March 31, 2020
Location: 37°13’16.3″N 121°52’20.4″W
Elevation: 82 ft
Driving Directions from USF:
General habitat: chaparral
Signs of Spring:
1. The Camelia japonica (Japanese camellia) is blooming! Camelia japonica bloom in early Spring when grown outdoors. (in my backyard)
2. The Armeria maritima (sea thrift) is blooming! Armeria maritima is a dainty plant, native to central and southern Europe. Flowers blooms from late spring to early summer. (in my backyard)
3. The Callianthe picta (redvein abutilon) is blooming! Callianthe picta bloom throughout Spring. (in my front yard)
1. Cordyline fruticosa (ti plant): This is a long-lived broadleaf evergreen that features thin lance shaped leaves, to 30 inches and 6 inches wide, that emerge pinkish red, but mature to deep green.
2. Brugmansia suaveolens (angels trumpet): a semi-woody shrub with a many-branched trunk. The leaves are light green and resemble ovals. They are 10 in long by 6 in wide.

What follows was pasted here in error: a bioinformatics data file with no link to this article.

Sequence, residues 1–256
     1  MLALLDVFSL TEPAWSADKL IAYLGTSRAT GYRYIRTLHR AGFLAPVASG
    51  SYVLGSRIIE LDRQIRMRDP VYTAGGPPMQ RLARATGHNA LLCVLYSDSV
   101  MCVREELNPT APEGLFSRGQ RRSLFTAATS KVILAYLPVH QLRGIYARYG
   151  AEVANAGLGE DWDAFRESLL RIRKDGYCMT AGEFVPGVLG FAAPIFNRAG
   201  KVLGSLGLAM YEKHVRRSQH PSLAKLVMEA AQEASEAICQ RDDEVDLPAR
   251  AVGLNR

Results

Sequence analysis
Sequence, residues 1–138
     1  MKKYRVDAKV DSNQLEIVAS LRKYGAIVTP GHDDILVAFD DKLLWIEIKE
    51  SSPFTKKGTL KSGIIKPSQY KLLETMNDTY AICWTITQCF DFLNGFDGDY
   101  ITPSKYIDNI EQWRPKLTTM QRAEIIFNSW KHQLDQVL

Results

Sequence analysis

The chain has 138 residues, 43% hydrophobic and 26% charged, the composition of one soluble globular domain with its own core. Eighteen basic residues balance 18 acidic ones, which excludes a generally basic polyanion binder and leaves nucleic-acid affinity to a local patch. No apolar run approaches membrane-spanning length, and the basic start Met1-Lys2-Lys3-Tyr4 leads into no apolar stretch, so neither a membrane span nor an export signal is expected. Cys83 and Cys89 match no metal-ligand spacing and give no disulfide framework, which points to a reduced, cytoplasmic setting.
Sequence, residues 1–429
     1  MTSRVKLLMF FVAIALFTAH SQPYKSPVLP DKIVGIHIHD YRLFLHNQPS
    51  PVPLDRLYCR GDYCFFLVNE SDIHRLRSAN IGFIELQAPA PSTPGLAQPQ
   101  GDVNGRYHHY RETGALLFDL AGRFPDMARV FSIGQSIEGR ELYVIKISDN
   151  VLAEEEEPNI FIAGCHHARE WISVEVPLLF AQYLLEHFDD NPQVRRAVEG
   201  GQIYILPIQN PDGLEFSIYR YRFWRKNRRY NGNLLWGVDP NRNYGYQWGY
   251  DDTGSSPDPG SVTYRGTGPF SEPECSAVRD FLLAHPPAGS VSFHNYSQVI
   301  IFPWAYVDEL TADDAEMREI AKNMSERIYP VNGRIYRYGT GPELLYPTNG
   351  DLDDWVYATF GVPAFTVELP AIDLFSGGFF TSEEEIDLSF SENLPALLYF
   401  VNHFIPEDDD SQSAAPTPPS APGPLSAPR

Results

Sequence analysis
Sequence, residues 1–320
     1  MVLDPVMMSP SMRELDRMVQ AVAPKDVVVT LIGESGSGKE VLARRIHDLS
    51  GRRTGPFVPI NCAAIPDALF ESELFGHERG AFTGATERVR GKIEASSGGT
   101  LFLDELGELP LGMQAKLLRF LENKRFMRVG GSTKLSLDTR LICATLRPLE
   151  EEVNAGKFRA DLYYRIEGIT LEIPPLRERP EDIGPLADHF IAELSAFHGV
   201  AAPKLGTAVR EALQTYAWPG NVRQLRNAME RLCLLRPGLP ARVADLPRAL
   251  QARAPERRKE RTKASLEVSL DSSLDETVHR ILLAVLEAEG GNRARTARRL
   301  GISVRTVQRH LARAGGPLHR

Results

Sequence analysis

3. Acer palmatum (Japanese maple): have small start shaped leaves, 1.5 – 3 inches wide, with five or seven lobes and double-serrate margins.
Narrative: I observed plants in my front and back yard. Upon making my observations it was 58º F outside, with no wind, with 71% humidity. I encountered many native and Japanese plant species around my home. I was curious as to how my backyard could sustain so many Japanese species given that they are not native to California. After doing some research on the Japanese maple, I found that the species has adapted to withstand drought, high soil salinity, and several types of soil including clay, loam, sand, slightly alkaline, acidic, and well-drained types.